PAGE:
160 Following


Author of AGAINST A DARKENING SKY, THE EMPTY ROOM, OUR DAILY BREAD, and others. Find out more at www.LaurenBDavis.com. I read as if my sanity depended upon it.. . . oh, wait, it does! Snort.

To Siberia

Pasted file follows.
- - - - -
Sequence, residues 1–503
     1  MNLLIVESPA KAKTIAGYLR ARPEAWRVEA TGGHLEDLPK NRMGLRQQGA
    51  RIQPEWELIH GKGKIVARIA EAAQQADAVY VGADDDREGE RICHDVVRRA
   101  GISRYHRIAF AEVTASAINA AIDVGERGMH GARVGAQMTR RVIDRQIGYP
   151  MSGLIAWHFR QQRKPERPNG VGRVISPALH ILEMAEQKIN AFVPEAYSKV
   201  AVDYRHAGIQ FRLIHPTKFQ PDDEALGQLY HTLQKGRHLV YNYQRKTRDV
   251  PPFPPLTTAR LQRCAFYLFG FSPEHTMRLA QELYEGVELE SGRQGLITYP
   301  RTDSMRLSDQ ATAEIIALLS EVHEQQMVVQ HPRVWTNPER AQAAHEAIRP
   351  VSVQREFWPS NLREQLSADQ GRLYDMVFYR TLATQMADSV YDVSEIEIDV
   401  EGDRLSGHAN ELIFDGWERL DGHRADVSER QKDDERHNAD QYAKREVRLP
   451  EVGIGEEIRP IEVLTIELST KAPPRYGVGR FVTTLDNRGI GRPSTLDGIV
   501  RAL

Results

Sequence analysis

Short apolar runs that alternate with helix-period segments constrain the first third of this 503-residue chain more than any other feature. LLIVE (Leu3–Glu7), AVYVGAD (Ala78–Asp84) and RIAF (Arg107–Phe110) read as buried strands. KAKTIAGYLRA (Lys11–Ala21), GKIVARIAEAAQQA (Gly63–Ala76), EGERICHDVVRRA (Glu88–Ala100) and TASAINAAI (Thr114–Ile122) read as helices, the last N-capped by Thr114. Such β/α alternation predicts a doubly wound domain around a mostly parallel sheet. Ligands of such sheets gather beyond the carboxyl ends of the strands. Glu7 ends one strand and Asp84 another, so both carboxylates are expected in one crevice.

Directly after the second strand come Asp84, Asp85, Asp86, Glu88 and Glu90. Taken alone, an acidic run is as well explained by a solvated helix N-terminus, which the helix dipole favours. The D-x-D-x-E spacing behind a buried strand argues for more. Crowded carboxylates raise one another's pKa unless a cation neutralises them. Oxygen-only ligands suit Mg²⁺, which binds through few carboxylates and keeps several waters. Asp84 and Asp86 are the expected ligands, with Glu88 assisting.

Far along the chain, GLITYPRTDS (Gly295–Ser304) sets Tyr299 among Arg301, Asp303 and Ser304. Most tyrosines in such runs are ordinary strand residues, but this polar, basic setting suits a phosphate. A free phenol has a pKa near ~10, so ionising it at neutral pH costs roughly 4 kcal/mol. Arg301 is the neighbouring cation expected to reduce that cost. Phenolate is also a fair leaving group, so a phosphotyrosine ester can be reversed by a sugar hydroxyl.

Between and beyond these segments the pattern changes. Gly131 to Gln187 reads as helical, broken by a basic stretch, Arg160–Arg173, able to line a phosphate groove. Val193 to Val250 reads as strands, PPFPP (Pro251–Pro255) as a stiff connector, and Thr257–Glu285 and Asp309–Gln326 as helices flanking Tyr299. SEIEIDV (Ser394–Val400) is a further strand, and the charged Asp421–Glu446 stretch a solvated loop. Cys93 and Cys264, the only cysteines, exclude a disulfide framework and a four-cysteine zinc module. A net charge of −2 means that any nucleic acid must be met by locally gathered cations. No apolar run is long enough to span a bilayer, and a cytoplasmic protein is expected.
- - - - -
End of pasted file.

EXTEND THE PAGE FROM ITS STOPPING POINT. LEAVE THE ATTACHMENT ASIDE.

To Siberia - Per Petterson OUT STEALING HORSES was one of my top picks when it was released here, and so I began reading TO SIBERIA with much excitement. Per Petterson is a writer of rare ability. His prose is so clear and crisp, so precise, as to be a sort of metaphor for the northern landscapes of his literary visions. The lyricism comes not from flowery word choices... on the contrary, Petterson eschews all such flourishes... but from his images and his tone. His voice is restrained, somewhat elegiac, and unmistakable. Pick any paragraph, they are all a pleasure to read.This book was written in 1996, before 2003's OUT STEALING HORSES, and it is interesting to see the writer's development. Whereas OUT STEALING HORSES takes place in Norway, this book is set in rural WWII-era Denmark. The narrator is an unnamed girl and explore her relationshp with her older brother, Jesper. Jesper dreams of escaping to Morocco; the narrator longs for the cold clear openness of Siberia. And so Petterson hints that no matter how deeply these two are connected, their futures will separate them. The family is fractured -- the parents negligent at best, the grandfather commits suicide. And then the Nazi's arrive and all their lives are inevitably altered. The first half of the book is splendid, with profoundly moving scenes -- intimate and unforgettable. The second half, wherein the narrator wanders through various Scandinavian towns, is somehow less appealing, and I found myself thinking something was missing, some focus lost. Perhaps it was because, when the siblings separate, the book losses its central metaphor. On the other hand, the girl's loneliness and isolation, her inability to form human relationships, is well crafted and effective, even though, for me, it doesn't hold the power of the book's beginning. The end is one of those literary moments that feel achingly real, in that one wishes there was more to say and yet there simply is not. Petterson's enormous talent makes beauty out of the smallest details and tiny moments. It's a pleasure to read. If this book doesn't accomplish quite what OUT STEALING HORSES did, I can't fault it for that. It's still better than most books out there, and I can't wait to see what he writes next.